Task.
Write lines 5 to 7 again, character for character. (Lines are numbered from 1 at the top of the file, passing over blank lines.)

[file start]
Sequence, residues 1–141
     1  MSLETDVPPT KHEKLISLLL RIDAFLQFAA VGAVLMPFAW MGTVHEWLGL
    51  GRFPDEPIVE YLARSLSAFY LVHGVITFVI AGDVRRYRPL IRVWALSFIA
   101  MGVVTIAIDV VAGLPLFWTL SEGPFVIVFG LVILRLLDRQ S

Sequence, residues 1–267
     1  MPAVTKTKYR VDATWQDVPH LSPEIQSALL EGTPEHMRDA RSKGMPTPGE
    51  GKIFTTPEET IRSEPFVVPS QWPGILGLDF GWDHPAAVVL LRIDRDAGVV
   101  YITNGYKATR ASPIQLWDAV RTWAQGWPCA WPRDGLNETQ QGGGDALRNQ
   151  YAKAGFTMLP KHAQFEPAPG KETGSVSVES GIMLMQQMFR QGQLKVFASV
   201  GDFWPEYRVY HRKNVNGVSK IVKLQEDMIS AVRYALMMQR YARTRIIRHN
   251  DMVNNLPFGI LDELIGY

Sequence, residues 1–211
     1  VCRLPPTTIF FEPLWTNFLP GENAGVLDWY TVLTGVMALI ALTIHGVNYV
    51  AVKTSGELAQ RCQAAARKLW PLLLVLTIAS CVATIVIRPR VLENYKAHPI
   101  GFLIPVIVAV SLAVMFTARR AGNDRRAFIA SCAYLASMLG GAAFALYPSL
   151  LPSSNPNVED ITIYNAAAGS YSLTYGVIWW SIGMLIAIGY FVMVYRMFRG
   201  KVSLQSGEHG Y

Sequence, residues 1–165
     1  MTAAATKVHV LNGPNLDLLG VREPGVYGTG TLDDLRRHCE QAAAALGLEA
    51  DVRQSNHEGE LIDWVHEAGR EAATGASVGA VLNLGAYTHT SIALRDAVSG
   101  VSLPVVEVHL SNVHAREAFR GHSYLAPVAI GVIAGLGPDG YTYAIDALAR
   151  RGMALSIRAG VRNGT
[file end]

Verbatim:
Sequence, residues 1–267
     1  MPAVTKTKYR VDATWQDVPH LSPEIQSALL EGTPEHMRDA RSKGMPTPGE
    51  GKIFTTPEET IRSEPFVVPS QWPGILGLDF GWDHPAAVVL LRIDRDAGVV